Since their release in April of 2010, Apple’s iPads have taken the US by storm. iPads have swept through almost every industry, especially education. Apple is pushing for iPad use in education, and several schools across the US have taken up the charge. The proliferation of iPads in the classroom will only keep accelerating. With these powerful mobile devices come a lot of possible benefits for educators and students alike. We all know iPads are exciting and there is a plethora of engaging apps for them out there, but do they actually improve education?
There have been many interesting studies done about iPads in the classroom and the effects on both students and teachers.
We’re now at a point where curators rule the content world, by collectively deciding whether content gets amplified or lost. As a result, quality of content is again starting to win out over quantity, with an assist from smarter search algorithms and the death of content farms. As power continues to shift to the curators, great long-form content continues to increase in value, as it’s shared and consumed by more and more people. Today, one exceptional, widely shared essay is far more valuable than a thousand disparate tweets.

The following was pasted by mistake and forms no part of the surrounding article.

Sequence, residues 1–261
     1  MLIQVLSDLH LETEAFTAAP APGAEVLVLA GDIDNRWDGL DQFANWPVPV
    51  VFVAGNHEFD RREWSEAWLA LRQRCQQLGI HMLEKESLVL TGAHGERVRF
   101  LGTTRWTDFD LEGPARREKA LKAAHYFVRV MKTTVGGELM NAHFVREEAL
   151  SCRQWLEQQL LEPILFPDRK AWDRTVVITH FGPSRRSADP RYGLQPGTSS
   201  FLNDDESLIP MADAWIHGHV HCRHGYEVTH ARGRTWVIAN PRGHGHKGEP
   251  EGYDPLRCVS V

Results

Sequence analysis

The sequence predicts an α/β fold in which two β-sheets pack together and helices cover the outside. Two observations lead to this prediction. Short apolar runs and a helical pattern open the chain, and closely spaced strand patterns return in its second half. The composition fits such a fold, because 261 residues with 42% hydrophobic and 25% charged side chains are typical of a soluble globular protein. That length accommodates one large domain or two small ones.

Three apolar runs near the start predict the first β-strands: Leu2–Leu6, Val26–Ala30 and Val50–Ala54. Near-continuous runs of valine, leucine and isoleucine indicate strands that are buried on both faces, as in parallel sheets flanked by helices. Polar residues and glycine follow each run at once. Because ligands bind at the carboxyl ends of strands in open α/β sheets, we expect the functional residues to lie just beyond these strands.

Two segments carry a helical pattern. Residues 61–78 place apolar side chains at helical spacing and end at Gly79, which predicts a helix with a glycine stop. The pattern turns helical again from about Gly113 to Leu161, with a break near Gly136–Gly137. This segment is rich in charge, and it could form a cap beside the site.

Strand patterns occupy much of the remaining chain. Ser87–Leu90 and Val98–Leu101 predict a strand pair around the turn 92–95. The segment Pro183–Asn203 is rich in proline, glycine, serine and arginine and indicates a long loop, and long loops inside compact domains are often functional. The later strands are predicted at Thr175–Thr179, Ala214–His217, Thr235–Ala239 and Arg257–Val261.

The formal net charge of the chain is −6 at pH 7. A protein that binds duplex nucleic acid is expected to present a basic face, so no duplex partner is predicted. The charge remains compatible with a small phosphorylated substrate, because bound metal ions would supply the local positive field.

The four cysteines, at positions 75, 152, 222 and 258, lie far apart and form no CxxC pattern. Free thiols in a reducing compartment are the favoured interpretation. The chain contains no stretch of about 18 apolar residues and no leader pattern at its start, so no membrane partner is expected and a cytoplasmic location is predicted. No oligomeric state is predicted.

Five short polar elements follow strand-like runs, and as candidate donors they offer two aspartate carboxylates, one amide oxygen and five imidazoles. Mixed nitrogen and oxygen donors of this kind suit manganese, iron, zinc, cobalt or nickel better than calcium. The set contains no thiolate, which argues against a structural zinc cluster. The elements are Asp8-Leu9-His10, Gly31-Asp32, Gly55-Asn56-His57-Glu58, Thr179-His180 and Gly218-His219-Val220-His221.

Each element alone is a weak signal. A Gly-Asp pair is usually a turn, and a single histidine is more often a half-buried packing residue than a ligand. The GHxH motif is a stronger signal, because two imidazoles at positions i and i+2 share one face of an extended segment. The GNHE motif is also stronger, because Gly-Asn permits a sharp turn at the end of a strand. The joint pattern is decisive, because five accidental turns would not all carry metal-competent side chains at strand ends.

The “better filters” conversation is an important one. But I don’t think it’s just about algorithms. At the end of the day, while the technology can help us aggregate potentially relevant and interesting content and information, if we don’t have the “curation” skills to make sense of it for ourselves, it doesn’t really matter much.
And, while curation may mark the return of the long form essay, just because it’s shared doesn’t mean it will get read. There is still a lot more work and thinking to do about how to cultivate reading and writing habits in ourselves and in our children that reflect the opportunities and challenges of this writing-rich moment.
Like…now that our kids have access to an authentic audience, why don’t we give them all sorts of opportunities to write about the things THEY care about in ways that have a real purpose and meaning in the world. Becoming a great writer starts with developing a passion for writing, something we too often extinguish in schools.
“I think the key to the problem is that frequently technology is placed in schools without much thought as to what problem it is supposed to solve.”—Dr. Richard Smith from the University of Houston Clear Lake (via callahaan)